Mobility, Mismatch, and McJobs

A new study from Greg Kaplan and Sam Schulhofer-Wolf tells us that the answer is no. And so, the authors suggest, the “concern that unemployment remains high, in part, because the once highly mobile American worker has suddenly become unable or unwilling to move across the country for a job” is groundless. 

If spatial mismatch is a non-issue, is skills mismatch an even bigger problem we had assumed? Tyler Cowen and Jayme Lemke have argued that “zero marginal product workers” are at the heart of the employment problem:

In essence, we have seen the rise of a large class of “zero marginal product workers,” to coin a term. Their productivity may not be literally zero, but it is lower than the cost of training, employing, and insuring them. That is why labor is hurting but capital is doing fine; dumping these employees is tough for the workers themselves — and arguably bad for society at large — but it simply doesn’t damage profits much. It’s a cold, hard reality, and one that we will have to deal with, one way or another.

Another view is that the persistence of high unemployment has everything to do with weak aggregate demand. Cowen and Lemke were critical of this view in January:


The simple Keynesian explanation for the initial unemployment is that aggregate demand — the country’s combined spending and investment — has been too low. But it’s unlikely that spending is the only problem, as unemployment is too high and too persistent relative to similar episodes of disinflation in recent history. If weak demand was the main problem, profits should be collapsing too, but they are not. Investment and corporate profits have been fine for some time now, and they are broadly within the range of pre-recession estimates.

There’s a second problem with the Keynesian story, which relies heavily on the notion that real, inflation-adjusted wages are sitting at too high a level. If unemployment causes someone real suffering, why wouldn’t he or she be willing to take a lower salary to get a job and ease the pain? But rather than falling, private-industry wages are currently on the rise — up nearly 60 cents per hour since the end of the recession. There are plenty of good theories why it is hard to cut the wages of employed workers — long-term contracts pose legal challenges, and fragile worker morale threatens to collapse under the stress of wage cuts. But it’s harder to explain why unemployed workers can’t find new jobs for less pay, especially if output is recovering, profits are high, and corporations are sitting on a lot of cash. [Emphasis added]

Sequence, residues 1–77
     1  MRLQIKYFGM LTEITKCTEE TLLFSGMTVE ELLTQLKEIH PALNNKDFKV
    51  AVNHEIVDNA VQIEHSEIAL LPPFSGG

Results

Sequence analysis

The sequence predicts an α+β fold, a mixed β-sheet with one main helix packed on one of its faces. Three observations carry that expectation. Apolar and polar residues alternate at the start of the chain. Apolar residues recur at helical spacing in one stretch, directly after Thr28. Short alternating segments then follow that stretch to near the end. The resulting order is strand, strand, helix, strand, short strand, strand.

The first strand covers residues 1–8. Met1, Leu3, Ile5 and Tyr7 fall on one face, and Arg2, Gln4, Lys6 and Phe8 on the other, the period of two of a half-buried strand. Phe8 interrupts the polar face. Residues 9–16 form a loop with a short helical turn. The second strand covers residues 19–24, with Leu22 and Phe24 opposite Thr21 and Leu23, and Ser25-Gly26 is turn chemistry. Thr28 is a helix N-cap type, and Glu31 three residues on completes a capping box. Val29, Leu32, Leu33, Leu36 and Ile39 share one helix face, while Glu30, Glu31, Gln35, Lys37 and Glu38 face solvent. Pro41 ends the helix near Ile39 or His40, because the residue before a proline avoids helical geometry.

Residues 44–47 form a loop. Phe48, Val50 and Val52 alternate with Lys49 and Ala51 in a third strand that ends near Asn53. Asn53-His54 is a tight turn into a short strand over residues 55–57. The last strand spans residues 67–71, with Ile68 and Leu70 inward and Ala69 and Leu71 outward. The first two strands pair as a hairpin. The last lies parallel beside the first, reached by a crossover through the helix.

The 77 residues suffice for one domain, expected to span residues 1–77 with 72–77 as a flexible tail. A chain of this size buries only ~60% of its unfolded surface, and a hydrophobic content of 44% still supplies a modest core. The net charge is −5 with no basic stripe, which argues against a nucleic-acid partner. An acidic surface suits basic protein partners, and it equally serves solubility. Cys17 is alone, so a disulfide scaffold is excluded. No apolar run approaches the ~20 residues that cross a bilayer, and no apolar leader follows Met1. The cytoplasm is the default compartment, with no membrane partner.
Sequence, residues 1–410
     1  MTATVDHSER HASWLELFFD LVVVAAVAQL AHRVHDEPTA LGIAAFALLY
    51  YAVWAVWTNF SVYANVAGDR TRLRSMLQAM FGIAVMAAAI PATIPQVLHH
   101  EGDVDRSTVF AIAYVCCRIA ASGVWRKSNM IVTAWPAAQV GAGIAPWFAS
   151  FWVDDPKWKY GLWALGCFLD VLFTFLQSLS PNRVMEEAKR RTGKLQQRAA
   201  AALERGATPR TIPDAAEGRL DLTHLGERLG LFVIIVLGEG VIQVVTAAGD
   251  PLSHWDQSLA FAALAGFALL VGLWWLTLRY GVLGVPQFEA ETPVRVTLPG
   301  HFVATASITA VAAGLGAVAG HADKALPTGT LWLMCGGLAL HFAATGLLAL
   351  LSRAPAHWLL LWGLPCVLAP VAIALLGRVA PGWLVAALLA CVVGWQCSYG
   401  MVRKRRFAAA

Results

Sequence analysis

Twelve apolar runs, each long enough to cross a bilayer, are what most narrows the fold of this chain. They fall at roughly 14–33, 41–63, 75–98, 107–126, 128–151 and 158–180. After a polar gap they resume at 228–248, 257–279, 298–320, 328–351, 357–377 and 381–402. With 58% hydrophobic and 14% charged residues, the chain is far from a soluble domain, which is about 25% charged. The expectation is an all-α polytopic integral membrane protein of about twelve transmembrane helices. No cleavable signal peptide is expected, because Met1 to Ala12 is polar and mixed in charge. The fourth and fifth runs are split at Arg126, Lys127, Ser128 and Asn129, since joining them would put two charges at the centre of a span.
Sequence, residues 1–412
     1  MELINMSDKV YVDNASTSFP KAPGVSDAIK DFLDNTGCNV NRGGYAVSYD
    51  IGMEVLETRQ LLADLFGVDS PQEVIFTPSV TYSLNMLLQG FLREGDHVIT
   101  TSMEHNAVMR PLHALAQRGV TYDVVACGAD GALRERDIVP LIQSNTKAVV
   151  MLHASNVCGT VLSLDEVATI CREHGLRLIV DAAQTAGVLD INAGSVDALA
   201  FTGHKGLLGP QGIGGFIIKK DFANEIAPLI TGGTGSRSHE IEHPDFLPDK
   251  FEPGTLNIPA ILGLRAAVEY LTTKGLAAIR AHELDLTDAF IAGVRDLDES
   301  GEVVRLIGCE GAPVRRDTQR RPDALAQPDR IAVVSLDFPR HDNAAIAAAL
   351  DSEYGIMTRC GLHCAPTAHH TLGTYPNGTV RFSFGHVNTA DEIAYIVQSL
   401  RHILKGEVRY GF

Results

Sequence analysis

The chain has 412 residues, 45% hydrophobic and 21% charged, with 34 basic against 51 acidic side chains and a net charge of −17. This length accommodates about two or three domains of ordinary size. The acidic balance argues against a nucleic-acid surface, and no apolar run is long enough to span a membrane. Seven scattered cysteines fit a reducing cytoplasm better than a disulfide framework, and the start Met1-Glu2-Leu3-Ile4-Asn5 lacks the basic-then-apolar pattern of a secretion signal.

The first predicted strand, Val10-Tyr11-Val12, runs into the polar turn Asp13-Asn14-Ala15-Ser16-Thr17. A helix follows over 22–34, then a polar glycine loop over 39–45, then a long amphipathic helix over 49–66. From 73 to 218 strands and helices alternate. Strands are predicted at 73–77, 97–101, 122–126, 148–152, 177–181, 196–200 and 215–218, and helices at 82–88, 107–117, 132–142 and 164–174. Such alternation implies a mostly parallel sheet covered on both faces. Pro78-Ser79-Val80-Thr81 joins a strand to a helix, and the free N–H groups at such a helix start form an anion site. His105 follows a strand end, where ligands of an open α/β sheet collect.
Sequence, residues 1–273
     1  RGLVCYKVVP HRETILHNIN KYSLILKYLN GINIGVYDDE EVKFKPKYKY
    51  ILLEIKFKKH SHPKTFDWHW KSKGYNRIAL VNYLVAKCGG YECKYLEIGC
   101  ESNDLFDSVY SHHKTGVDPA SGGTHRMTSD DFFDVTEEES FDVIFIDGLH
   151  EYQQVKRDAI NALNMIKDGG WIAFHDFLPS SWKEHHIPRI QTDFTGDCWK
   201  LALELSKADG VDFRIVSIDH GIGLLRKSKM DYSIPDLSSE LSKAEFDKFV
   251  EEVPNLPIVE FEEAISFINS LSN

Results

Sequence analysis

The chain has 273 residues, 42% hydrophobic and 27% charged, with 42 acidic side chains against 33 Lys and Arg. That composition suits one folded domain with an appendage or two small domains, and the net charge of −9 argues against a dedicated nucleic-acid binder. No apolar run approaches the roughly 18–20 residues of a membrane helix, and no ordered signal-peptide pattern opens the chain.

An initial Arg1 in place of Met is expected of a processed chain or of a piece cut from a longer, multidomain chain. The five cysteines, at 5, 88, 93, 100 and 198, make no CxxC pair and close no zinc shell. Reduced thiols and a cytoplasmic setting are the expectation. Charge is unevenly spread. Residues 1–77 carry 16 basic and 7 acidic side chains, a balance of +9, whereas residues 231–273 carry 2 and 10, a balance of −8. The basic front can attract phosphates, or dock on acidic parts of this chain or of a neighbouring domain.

On Tuesday, Annie Lowrey of Slate wrote a piece suggesting that not-great job have played a big role in the weak jobs recovery:

The National Employment Law Project took a closer look at employment and jobs-growth data in February. What it found wasn’t encouraging. The advocacy group says that just 14 percent of recent job growth comes from high-wage industries. About half comes from low-wage industries. According to NELP’s report, restaurants and food services businesses, “especially” fast food outlets, comprised 7 percent of hiring. And most gigs, NELP found, came “from rapid hiring by the temp industry,” meaning the positions that often come without benefits, health care, or much income security.

The picture contributes to a larger, yet equally depressing, labor-market story: The country has produced far too few good, stable, middle-income jobs over the past 10 or 20 years, not just the past three. One of the most prominent economists making this case is David Autor of MIT. “Two forces are rapidly shifting the quality of jobs, reshaping the distribution of earnings and job opportunities,” he writes in a recent paper. One is educational stagnation among men and gains among women. The other is “employment polarization, whereby job opportunities are increasingly concentrated in high-skill, high-wage jobs and in low-skill, low-wage jobs.” Thus comes the frightening possibility of a “barbell” shaped economy, with jobs at places like fast food joints and universities—but not a lot of jobs in between.

A few quick thoughts:

(1) It seems that at least some unemployed workers are finding are finding new jobs at less pay, thus addressing the puzzle identified by Cowen and Lemke.

(2) Annie’s article reminded me of the Spence and Hlatshwayo on “the evolving structure of the American economy and the employment challenge,” which I discussed in a recent issue of NR.

(3) I’m not as concerned about the “barbell” shaped economy if jobs in the middle are generally shifting to the right rather than to the left. To achieve that outcome, however, we’d need to do a better job of upskilling the current and future workforce. Upskilling the current workforce is notoriously difficult, as most formal job training programs have proven very disappointing. I tend to think that the approach advocated by Rick Hess, Andrew Kelly, and Olivia Meeks in “The Case for Being Bold” is our best bet. But their approach to revitalizing STEM education will take a long time to bear fruit. 

Reihan Salam — Reihan Salam is executive editor of National Review and a National Review Institute policy fellow.

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